Breznitz even points out how such an approach can be a bargain for all concerned, if financial assurance from governments can provide maturing companies and investors with the security they need to move forward. “Determining which financing approach to take requires a careful analysis of local companies’ needs and funders’ resources and objectives. For example, loan guarantees provide substantial leverage in comparison with direct grants—the $30 million that could stimulate $1 billion in loans via guarantees would generate only $60 million if it were provided in the form of a direct grant at the rate of one-to-one private-public.”
US President Joe Biden enacted this kind of strategy last week, when he signed the CHIPS and Science Act of 2022 into law, thereby providing an eye-popping $76 billion to spur U.S. semiconductor competitiveness. The legislation is designed to strengthen U.S. industries of the future, bolster U.S. supply chains, and protect U.S. vital national and economic security.
In its 2022 Budget, our federal government announced plans to create a new innovation and investment agency with a budget of $1 billion over five years. While huge dollars like our American neighbours invest may not be available, it will be more important for government to give the new agency a clear focus, just as the Americans have done in their new Act. In Canada’s case, let’s give the new agency a narrow mandate to target mature, successful Canadian firms that have already demonstrated global leadership in areas of Canadian strength and avoid the trap of trying to help everyone. Let’s also give the new agency autonomy from the central machinery of government, so that it can experiment with different approaches and pivot when necessary, without being encumbered by rigid KPIs laid out in advance by government.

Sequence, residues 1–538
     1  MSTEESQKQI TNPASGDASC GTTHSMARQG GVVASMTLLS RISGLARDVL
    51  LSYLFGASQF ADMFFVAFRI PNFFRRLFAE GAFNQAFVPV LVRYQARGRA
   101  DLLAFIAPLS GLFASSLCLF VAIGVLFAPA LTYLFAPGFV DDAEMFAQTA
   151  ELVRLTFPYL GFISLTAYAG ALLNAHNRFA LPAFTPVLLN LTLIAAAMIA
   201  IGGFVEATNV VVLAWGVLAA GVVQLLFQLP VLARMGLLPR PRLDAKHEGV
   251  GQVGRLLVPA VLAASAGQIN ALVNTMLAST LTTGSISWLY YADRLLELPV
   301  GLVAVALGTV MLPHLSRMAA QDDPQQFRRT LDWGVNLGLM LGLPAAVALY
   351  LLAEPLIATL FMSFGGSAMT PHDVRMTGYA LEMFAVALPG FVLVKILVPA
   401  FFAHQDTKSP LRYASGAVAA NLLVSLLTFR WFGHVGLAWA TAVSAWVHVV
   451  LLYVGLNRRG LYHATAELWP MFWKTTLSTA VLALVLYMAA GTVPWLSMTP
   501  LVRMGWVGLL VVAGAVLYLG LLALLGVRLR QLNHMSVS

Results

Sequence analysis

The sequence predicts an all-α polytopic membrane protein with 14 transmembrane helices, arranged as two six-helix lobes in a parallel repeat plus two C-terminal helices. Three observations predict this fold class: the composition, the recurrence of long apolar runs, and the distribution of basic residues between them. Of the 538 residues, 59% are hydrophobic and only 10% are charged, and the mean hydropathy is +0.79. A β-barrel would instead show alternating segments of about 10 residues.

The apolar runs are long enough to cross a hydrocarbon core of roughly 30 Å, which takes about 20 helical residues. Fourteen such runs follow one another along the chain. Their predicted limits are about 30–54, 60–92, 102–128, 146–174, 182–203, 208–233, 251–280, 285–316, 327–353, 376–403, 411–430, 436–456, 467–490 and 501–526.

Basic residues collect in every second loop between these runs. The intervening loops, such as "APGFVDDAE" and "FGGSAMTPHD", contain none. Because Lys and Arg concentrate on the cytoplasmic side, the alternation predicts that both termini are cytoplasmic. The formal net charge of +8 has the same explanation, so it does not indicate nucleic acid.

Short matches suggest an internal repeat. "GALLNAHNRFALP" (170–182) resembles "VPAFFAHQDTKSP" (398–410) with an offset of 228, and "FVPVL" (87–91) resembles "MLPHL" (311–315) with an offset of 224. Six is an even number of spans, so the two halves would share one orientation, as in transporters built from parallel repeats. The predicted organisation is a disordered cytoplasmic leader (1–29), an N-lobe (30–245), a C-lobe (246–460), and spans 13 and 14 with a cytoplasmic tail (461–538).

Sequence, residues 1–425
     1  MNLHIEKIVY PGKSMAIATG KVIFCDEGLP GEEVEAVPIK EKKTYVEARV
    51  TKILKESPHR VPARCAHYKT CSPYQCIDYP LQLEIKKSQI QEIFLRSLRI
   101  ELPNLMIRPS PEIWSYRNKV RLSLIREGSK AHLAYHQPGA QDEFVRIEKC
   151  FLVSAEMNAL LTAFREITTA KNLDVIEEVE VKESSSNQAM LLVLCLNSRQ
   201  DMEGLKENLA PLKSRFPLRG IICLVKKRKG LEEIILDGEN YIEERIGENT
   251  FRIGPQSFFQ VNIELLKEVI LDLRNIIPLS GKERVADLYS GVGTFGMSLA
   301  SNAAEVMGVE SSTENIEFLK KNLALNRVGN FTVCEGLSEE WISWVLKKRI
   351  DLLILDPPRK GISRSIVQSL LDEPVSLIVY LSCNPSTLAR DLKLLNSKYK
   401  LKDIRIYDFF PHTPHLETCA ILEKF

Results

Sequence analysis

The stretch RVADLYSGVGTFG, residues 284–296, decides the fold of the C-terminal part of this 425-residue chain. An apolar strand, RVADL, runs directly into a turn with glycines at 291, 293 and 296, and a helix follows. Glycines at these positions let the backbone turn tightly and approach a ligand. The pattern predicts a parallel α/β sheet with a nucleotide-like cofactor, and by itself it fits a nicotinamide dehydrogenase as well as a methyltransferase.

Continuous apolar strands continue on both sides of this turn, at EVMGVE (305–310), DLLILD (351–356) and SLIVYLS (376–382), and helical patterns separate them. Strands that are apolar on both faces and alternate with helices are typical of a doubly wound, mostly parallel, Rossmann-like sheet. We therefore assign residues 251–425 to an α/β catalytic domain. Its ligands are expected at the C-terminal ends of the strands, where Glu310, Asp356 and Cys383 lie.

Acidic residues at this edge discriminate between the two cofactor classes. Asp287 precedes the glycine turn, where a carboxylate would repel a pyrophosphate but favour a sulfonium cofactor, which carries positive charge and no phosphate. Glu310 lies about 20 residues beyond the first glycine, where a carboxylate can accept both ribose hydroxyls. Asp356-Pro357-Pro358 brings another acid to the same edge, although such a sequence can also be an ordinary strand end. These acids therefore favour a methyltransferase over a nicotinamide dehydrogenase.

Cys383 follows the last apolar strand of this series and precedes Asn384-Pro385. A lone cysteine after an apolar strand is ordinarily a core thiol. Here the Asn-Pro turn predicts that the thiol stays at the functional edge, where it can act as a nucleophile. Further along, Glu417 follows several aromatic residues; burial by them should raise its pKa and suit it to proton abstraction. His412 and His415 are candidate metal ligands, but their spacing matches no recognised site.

After all, as Breznitz notes pointedly: “Innovation is not invention, nor is it research. Indeed, it is not even R&D. Innovation is, pure and simple, any activity along the process of taking new ideas and devising new or improved products and services and putting them in the market.”
My hope is that the government avoids trying to cram a raft of policy objectives into this new agency, thus diluting its proposed mandate. To quote Breznitz again: “If you want success in innovation, focus on its agents [companies and individuals]. Having a higher-education policy is a wonderful thing; having S&T and research policy should also be celebrated; having intellectual-property policy is a true blessing. Nevertheless, these elements are not to be confused with innovation policy. Further, a ‘strategic’ industrial policy that focuses on ‘high-tech sectors’ is also not an innovation policy.”
If the new agency invests in “innovation in real places”, as Breznitz describes it, Canada may finally break out of its innovation doldrums.